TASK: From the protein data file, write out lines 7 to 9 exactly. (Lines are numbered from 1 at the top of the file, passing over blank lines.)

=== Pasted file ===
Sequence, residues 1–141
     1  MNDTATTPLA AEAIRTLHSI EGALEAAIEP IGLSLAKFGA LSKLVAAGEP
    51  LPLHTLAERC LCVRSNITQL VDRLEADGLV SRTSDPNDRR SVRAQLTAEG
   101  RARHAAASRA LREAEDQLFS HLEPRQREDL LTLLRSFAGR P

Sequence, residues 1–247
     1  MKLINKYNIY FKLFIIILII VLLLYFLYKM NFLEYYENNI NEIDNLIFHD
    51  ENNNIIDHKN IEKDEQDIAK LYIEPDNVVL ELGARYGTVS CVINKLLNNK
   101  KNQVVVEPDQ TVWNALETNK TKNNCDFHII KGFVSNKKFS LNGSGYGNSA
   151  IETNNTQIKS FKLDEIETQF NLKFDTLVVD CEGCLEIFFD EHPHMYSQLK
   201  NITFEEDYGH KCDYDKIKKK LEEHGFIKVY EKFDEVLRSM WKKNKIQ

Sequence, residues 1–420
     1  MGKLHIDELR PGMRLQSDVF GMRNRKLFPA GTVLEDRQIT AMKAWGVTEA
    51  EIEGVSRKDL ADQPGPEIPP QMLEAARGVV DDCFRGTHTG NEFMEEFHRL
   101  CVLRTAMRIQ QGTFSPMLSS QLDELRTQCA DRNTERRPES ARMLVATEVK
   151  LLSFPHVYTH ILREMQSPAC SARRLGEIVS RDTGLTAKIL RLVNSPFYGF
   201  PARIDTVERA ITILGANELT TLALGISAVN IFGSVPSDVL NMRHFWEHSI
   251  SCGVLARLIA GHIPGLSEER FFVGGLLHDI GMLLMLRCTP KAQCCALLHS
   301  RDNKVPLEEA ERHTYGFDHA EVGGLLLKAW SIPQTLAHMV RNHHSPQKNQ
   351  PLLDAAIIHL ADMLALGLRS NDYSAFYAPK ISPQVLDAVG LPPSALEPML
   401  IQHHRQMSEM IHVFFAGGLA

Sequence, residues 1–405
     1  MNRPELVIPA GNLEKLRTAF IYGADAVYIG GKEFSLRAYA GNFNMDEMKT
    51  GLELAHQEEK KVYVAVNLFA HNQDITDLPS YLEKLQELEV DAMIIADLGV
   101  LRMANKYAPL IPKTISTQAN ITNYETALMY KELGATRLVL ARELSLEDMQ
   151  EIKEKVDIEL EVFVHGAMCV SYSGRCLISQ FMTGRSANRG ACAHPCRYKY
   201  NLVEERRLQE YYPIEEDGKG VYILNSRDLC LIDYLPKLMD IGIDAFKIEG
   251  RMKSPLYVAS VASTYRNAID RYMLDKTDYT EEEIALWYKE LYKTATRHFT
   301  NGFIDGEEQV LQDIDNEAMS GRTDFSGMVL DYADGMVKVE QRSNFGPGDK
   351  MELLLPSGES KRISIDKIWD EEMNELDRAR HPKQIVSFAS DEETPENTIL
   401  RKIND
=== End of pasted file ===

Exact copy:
    51  ENNNIIDHKN IEKDEQDIAK LYIEPDNVVL ELGARYGTVS CVINKLLNNK
   101  KNQVVVEPDQ TVWNALETNK TKNNCDFHII KGFVSNKKFS LNGSGYGNSA
   151  IETNNTQIKS FKLDEIETQF NLKFDTLVVD CEGCLEIFFD EHPHMYSQLK